About Royal Bank of Canada
The RBC (Royal Bank of Canada) is a 150-year-old global financial institution expanding across Canada, the United States, and 27 other countries. They are one of Canada's biggest banks with over 88,000+ employees and 17 million clients.
RBC's purpose is to inspire its employees to build a better future for their clients and communities.
The bank has a strong value-driven culture. Understanding these values is an important step in the application process. The 5 core values are:
- Client First
- Diversity & Inclusion
In Canada, the RBC's main goal is to be the number one leader in financial services. In the U.S RBC aims to be the preferred partner to corporate, institutional and high-net-worth clients and their businesses. In other global markets, they wish to be the first choice for financial service partnerships and expertise.
Royal Bank of Canada Application Process
RBC is an international employer - applying for RBC needs to be a well-planned and prepared process. The application involves the following stages:
- Online application
- Online assessment
Understanding the format of the application process can give you an edge over other candidates as it will allow you to prepare as much as possible.
Once you have decided the division and role you'd like to apply for, you will be required to submit an application on RBC's careers website.
The core divisions to apply for are:
- Personal & commercial banking
- Wealth management
- Capital markets
- Investor & treasury services
- Technology & operations
- Corporate functions
- RBC ventures
The typical standard information is required as well as a resume/CV and cover letter.
You will also be asked job-specific questions. For these questions, you should reflect on the job description and try to use keywords from it to make your application stand out.
Once you have submitted your online application, you will be required to complete a series of online assessments (also known as aptitude tests).
Aptitude tests will help RBC assess if you have the required skills to succeed in the position you've applied for. The assessments test your numerical and verbal reasoning skills as well as your situational judgement.
In order to do well in the online assessments, it is important to practice under timed conditions. This will allow you to build confidence and prepare for the format of the tests. To be considered for shortlisting it is important to try and achieve the top 50% of test-taker marks, but the scores for each job will vary. This is why practice is very essential.
Numerical Reasoning Test
A numerical reasoning test assesses your ability to work with numerical data under pressure. Although there are elements of high school-level math involved, the test is not so much focused on examining your math skills (although sharpening your math is a good first step when practicing), the assessors are looking at how well you can answer mathematical questions under pressure.
Numerical reasoning tests replicate what it's like to work at RBC - having to answer math questions and work out quick calculations on the spot. For this reason, you are typically given a minute to answer each question and they get progressively more challenging.
Verbal Reasoning Test
A verbal reasoning test assesses your ability to read, evaluate and interpret written information - you will need to identify things like assumptions, facts, inferences and be able to draw conclusions for text passages. Answers are multiple-choice and the test is also timed.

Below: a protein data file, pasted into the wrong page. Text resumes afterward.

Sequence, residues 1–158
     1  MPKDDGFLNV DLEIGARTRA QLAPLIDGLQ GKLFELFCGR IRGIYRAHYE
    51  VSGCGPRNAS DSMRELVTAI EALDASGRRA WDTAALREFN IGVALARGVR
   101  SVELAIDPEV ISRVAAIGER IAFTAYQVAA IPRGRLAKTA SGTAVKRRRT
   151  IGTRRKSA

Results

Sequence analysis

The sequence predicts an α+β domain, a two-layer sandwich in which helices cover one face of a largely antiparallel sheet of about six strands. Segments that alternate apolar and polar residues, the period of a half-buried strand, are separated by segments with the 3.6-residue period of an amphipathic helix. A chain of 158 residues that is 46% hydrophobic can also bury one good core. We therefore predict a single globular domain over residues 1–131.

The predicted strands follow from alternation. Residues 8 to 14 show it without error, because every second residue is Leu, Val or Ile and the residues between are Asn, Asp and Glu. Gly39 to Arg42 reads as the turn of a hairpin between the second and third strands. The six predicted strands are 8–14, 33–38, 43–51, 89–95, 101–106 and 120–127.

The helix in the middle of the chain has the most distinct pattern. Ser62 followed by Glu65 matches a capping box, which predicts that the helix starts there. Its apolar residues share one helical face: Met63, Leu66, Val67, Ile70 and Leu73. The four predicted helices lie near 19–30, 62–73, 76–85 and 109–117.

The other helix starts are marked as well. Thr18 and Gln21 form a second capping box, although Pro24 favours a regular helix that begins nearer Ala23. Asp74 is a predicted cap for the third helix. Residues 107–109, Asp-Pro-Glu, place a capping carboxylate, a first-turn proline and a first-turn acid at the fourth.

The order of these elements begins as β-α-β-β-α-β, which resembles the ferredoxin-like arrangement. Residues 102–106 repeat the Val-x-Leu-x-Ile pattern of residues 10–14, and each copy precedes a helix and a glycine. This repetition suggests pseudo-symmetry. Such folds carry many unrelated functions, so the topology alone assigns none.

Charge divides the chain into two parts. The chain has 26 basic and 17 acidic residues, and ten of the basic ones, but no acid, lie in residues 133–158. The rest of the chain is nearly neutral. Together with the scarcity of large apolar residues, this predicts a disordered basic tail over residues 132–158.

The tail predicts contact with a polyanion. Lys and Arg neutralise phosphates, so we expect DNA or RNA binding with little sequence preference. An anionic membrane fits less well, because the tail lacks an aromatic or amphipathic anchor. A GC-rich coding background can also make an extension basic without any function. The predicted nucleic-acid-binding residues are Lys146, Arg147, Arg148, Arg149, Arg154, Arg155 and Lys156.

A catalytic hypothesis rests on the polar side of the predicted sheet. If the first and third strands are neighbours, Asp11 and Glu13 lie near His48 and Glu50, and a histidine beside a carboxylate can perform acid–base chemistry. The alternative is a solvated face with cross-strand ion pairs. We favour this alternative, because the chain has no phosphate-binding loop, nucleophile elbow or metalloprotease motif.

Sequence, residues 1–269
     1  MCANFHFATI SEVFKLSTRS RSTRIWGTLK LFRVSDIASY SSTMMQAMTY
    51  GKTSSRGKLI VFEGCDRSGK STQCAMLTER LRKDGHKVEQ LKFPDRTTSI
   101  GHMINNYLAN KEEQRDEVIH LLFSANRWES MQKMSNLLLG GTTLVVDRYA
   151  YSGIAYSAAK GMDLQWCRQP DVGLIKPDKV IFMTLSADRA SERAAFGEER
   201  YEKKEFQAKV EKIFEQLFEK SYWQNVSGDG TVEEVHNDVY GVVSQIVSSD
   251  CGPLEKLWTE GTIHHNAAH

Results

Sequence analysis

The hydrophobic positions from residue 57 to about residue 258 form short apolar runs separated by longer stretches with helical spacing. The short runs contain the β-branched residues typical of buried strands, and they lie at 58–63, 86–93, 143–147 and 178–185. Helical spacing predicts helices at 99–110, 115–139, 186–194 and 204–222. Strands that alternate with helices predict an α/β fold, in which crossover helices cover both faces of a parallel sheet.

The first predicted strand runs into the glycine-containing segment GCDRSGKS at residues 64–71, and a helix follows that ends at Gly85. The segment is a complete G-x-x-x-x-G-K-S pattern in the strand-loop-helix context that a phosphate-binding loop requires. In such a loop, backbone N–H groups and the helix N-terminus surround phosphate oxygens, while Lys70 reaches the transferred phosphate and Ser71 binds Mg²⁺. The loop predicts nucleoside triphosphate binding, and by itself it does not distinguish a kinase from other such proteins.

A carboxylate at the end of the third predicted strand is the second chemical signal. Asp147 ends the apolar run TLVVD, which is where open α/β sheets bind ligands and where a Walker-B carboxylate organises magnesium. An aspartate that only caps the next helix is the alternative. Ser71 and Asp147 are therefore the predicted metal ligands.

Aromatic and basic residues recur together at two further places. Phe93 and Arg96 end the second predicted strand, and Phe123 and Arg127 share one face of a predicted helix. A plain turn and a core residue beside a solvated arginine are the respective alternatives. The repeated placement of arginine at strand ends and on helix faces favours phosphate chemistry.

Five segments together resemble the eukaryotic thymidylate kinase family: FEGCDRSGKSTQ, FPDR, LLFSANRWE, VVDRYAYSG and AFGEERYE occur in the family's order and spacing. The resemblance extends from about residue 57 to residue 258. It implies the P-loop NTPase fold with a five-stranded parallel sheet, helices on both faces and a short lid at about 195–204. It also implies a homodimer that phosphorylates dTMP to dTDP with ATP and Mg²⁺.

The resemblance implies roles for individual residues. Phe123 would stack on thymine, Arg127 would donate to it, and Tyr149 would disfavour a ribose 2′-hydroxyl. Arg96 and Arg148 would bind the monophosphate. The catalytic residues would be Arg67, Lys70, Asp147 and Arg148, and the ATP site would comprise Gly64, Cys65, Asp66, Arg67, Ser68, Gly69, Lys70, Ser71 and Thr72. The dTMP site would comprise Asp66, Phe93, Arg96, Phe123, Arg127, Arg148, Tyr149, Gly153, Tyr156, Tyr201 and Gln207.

Verbal reasoning is an important skill at RBC as they are looking for employees who can interpret information well. The test replicates workplace scenarios such as if you were given a business report to read and summarize for a team - this would often require verbal reasoning, and so it is a useful skill across many divisions.
Situational Judgement Test
A situational judgement test assesses your choices when given business situations and scenarios similar to your role. It's a good indicator for RBC to judge your choices if you were placed in that situation at work and how you would respond.
Emotional intelligence, your ability to rationalize and communicate are just a few of the important skills being tested. Although in some cases there are no obvious right or wrong answers, it's important to be strategic and remember the values of RBC.
Other aptitude tests (role dependant)
You might be asked to take part in a few other aptitude tests depending on the role you apply for. These could be an abstract reasoning test, personality assessment or EDPT test.
Abstract Reasoning Test: For this test, you are asked to work out the pattern from various shapes or images and asked to spot the trend.
Personality Assessment: You might be given a personality test that assesses your responses to statements based on how much you agree or disagree.
EDPT Test (programming roles only): for computer and IT-based roles, you may be asked to take part in an EDPT test that examines your ability to use computing logic.
If you are successful and pass the online assessments, the next stage of the process is several interview rounds. This involves meeting various managers and answering questions in a formal interview style setup. The questions will be based on motivations, behaviours, and situations you might experience in the role.
You'll likely be given a brief phone interview and then asked to attend one or multiple in-person interviews.
The interviews will be behavioural-based interview questions. RBC recommend following this framework to answer the questions:
- Describe the situation, the action you took and what the outcome was
- Listen carefully and ensure you are answering the question
- Explain using examples from previous jobs or life experience
If successful, you will likely meet with your manager and other potential members of the team.